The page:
Update: Jan 18th 2010; Vodafone re-launches the Access Gateway as the Vodafone Sure Signal with a lower price (see end of review).
Forget the supposed-signal boosters that were once sold and acted as repeaters, or any number of other ‘snake-oil’ solutions to getting your more signal. The only proper solution is to change network, possibly change your handset (but, if you were in such a marginal area that the handset was make-or-break, chances are the coverage is still insufficient) or ask nicely for a base station to be built near you.
Now, there’s a more sensible option. The Vodafone Access Gateway does things properly. The device, which looks like an ordinary wireless router, is effectively a home base station. Rather than boosting the signal to your nearest cell site, it connects to your existing broadband router. It then uses your broadband connection to route calls and data so you can enjoy full signal strength in and around the home or office.
There is a price to pay. You’re not only expected to pay £160 for the gateway (or £5 per month if you’d prefer to pay monthly, although Vodafone may include it with certain tariffs in the future), but will also need a fixed line for broadband. In the last year or so, mobile operators have been trying to convince us to ditch home broadband and switch to mobile broadband, so who would have thought that one of them was now asking us to use a fixed line to support their network?
In case you’re worried, you aren’t going to find your base station being used by anyone passing that’s on Vodafone. Every user has to be pre-registered (a process done online and taking up to 24 hours to activate for each number added) and you can only have a maximum of four users using the gateway at any one time, so the bandwidth demands should be fairly minimal in most cases.
A total of 32 mobile numbers can be added to your approved list, which should be enough for any small office. If you do need more, you’ll need to invest in another gateway. Bear in mind that Vodafone requires a broadband speed of at least 1 megabit to operate comfortably, more if any of the users are uploading or downloading data.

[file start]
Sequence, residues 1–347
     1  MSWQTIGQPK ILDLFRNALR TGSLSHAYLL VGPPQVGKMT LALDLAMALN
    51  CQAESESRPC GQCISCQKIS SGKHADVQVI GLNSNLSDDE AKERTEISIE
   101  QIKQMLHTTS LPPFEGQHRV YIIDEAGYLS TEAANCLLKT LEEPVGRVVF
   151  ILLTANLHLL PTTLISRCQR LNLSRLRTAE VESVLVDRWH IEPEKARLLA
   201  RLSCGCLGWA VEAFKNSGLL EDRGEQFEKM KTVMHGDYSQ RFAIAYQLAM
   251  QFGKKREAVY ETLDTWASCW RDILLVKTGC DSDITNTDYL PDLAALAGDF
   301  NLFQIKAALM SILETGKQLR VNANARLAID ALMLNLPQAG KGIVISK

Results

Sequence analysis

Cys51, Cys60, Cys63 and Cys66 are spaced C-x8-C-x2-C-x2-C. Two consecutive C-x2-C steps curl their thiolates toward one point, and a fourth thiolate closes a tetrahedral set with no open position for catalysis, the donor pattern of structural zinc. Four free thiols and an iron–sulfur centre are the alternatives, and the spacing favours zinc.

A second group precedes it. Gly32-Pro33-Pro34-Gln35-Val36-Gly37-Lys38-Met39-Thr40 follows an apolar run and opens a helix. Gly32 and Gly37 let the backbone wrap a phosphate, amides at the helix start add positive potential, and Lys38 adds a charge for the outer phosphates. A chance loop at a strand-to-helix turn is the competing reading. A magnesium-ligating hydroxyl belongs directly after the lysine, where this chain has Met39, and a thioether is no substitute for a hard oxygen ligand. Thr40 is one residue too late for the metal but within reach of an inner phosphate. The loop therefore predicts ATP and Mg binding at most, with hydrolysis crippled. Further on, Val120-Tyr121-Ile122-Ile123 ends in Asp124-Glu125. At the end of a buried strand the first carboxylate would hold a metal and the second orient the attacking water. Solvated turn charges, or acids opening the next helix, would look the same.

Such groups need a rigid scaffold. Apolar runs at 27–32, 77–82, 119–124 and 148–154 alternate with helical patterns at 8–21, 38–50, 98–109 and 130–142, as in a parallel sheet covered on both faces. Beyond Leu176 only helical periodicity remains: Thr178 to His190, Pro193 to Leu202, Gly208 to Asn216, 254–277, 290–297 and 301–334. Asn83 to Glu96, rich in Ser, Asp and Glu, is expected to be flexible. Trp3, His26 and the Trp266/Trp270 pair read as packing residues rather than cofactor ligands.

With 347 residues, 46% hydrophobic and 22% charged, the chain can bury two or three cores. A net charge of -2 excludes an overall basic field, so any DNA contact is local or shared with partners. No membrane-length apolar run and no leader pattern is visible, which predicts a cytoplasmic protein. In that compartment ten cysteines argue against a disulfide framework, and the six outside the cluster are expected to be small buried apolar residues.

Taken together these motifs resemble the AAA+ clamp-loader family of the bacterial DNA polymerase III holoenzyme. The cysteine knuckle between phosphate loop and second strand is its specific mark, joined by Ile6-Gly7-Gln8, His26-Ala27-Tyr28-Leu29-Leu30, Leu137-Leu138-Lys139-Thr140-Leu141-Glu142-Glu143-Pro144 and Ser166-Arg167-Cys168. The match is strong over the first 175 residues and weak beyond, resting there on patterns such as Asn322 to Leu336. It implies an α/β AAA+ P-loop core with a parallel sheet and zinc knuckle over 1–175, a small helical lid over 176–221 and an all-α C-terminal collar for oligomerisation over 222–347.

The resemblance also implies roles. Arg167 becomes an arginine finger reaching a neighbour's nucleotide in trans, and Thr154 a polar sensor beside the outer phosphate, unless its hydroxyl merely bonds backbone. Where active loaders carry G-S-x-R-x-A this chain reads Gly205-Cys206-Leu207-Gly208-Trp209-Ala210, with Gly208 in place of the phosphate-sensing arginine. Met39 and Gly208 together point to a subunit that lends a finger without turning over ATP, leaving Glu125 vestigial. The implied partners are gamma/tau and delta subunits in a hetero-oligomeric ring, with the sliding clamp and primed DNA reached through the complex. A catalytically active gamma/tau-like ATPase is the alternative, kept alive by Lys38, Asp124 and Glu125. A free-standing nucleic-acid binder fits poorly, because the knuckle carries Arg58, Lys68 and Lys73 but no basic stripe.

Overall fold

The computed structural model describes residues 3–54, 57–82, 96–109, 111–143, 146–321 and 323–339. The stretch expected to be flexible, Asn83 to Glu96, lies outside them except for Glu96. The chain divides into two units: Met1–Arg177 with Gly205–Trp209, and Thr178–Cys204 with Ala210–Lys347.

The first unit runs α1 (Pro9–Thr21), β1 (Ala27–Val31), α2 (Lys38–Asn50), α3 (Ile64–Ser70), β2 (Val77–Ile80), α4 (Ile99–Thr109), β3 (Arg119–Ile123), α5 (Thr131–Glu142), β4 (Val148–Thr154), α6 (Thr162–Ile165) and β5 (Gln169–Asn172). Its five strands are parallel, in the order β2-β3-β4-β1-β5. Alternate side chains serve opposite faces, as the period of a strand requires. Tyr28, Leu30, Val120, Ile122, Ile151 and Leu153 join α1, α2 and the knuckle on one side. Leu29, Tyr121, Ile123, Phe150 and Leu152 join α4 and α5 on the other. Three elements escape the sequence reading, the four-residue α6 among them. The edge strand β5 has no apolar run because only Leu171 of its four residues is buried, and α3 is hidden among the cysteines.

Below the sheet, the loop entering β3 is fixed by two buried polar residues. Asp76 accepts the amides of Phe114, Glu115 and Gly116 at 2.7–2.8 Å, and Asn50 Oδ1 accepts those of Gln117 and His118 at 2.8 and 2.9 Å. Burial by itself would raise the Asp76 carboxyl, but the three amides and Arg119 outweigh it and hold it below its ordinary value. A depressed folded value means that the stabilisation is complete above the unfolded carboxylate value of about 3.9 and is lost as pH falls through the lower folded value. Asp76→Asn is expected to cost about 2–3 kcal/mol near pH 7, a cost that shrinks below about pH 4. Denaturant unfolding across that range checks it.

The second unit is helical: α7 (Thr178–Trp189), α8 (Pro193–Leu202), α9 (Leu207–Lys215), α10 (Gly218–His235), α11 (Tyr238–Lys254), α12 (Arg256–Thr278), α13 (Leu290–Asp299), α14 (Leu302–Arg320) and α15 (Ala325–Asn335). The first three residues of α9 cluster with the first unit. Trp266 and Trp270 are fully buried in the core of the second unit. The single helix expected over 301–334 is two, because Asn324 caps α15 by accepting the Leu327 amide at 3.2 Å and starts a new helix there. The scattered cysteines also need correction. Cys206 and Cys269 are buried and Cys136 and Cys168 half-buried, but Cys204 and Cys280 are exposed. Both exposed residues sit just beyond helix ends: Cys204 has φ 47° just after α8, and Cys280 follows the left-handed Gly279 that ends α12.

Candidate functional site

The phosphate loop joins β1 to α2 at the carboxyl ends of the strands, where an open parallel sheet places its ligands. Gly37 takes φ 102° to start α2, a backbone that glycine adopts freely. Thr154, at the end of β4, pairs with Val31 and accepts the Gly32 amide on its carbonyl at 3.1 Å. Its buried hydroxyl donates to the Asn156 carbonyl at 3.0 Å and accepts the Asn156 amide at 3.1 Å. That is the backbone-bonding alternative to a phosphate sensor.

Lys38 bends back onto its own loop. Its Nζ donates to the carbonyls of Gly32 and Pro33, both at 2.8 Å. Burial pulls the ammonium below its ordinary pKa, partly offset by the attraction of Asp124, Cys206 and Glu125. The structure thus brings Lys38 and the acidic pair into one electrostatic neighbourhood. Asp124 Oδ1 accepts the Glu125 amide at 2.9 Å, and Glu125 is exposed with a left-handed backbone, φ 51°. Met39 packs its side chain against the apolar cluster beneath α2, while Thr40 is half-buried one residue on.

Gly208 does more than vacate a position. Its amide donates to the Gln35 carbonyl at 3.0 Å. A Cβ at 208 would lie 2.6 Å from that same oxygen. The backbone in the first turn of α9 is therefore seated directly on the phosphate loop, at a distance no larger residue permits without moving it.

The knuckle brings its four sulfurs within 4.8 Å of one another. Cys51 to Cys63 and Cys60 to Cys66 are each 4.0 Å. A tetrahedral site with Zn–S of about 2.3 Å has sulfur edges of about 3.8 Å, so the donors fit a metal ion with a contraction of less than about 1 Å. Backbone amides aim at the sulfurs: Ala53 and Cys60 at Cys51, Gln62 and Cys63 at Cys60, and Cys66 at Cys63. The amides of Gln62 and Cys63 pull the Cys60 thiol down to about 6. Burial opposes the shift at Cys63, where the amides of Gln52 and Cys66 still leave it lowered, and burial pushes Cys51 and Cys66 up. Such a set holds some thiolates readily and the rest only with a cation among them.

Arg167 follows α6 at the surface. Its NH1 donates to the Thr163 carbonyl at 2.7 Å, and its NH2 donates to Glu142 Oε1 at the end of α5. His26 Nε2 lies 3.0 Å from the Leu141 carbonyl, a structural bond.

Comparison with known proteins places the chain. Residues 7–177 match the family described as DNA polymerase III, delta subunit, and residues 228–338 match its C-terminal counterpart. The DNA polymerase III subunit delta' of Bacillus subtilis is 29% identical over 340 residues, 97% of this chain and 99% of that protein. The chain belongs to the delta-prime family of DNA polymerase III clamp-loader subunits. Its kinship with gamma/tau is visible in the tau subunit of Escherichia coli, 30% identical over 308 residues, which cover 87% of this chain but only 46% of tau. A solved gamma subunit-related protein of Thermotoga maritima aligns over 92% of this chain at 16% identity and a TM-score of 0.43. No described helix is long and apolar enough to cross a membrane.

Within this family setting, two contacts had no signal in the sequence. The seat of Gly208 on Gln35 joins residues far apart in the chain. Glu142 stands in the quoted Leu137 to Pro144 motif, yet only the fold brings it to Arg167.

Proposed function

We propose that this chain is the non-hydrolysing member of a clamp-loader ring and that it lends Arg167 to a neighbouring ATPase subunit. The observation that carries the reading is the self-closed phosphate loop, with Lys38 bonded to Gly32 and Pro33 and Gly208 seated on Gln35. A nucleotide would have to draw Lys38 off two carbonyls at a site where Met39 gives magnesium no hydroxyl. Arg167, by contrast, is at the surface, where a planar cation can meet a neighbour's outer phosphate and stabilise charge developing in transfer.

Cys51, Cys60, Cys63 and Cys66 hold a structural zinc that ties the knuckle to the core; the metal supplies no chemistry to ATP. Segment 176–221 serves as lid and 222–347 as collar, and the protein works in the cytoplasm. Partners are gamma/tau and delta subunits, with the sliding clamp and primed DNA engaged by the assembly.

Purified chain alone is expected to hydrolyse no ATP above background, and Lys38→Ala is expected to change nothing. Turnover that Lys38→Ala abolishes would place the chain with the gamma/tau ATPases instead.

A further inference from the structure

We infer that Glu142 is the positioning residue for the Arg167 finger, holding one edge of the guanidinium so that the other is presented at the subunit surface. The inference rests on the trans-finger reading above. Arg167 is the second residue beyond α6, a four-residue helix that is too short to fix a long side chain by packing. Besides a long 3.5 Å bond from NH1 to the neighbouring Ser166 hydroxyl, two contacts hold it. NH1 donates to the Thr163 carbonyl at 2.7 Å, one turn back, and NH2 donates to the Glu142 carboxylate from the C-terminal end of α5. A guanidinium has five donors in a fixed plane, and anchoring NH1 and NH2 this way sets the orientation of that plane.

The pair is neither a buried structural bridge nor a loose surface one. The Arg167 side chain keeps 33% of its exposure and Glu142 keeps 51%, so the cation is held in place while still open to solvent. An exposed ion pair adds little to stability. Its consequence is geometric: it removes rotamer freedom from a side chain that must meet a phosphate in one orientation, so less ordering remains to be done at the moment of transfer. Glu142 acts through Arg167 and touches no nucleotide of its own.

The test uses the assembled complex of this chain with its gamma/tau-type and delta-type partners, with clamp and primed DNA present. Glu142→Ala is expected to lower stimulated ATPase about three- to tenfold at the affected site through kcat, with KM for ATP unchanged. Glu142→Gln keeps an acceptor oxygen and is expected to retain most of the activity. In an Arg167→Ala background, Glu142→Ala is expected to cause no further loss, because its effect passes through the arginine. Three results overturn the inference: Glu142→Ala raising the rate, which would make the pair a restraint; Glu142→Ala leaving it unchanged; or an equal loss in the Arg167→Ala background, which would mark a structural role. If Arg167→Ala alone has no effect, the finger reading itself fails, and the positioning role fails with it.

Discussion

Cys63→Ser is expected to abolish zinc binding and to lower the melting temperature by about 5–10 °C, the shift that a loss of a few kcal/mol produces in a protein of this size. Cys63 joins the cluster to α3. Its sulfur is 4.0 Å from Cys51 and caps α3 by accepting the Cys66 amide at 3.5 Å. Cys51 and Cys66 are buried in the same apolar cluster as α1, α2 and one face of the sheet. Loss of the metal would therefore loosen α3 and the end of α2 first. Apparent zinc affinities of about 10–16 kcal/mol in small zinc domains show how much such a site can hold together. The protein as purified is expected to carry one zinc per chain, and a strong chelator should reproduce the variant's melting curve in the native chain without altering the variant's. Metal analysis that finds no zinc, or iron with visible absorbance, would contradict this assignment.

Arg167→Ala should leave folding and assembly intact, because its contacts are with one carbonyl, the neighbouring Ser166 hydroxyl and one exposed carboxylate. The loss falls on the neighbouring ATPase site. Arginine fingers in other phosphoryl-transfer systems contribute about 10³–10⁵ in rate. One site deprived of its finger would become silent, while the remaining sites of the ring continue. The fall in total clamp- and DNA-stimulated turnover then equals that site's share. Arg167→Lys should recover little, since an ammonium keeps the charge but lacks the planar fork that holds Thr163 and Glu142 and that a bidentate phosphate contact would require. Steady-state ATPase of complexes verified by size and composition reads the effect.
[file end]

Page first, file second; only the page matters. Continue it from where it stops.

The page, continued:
Having explained how everything works, there’s not really anything else to say. And that’s a good thing because it simply proves how simple it is. It’s no harder than, say, taking a new DVD player out of a box and plugging it in to your TV. Actually, it’s easier! The process consists of, as shown by Vodafone’s own ‘Quick setup’; 1) Connect router to gateway 2) Connect power supply. And that’s (almost) it. The only bit work of work is to register the Access Gateway via the website and enter the Vodafone number(s) that you want to give access permission to.
There’s no complex configuration required on your router, unless you’ve enabled any extra security options (and if you’ve done this, you’ll be more than capable of giving access to the gateway), and within minutes you should see the signal increase on your mobile phone as it connects to the gateway instead of the mobile network. A flashing LED on the Access Gateway tells you when you’re connected, and flashes quicker if more than one phone is using it. When you move away from the Access Gateway, you’ll simply transfer on to the mobile network as usual. It really couldn’t be any easier if you tried.
If you need to improve coverage, there’s no other way to do it as effectively – but the question now is whether it’s worth the money. You could argue that, out of principle, you shouldn’t be paying to fill the gaps in the network – but that doesn’t stop you missing calls or texts. If you’re in business and need to be in constant contact, it’s the ideal solution and probably a lot cheaper than changing network (and that’s assuming another network is going to solve the problem).
Even if ordinary 3G coverage is acceptable, the Access Gateway gives you a solid and dependable connection that doesn’t fluctuate based on atmospheric conditions or the number of users on the same cell site (although it will obviously fall over if your broadband connection goes down). This means you could still just about justify a purchase simply to obtain a base station that will never be congested.
The device itself is made by Sagem and it’s quite likely that you’ll be seeing many more femtocells being released in the near future, and given time, at a much lower price. You will almost certainly see the likes of Netgear and Belkin releasing wireless routers that also operate as femtocells, doing away with the need for another box sitting on a desk or shelf. But that’s then and this is now.
Vodafone should be commended for being first to market, and although it’s not likely to be selling in huge numbers, it is the most effective way of solving the issue of mobile phone coverage.
In the box:
Vodafone Access Gateway Femtocell unit
Quick Start user guide
£50-120 depending on tariff, with monthly option available
May be supplied free of charge on some tariffs
Vodafone stores or online – on sale now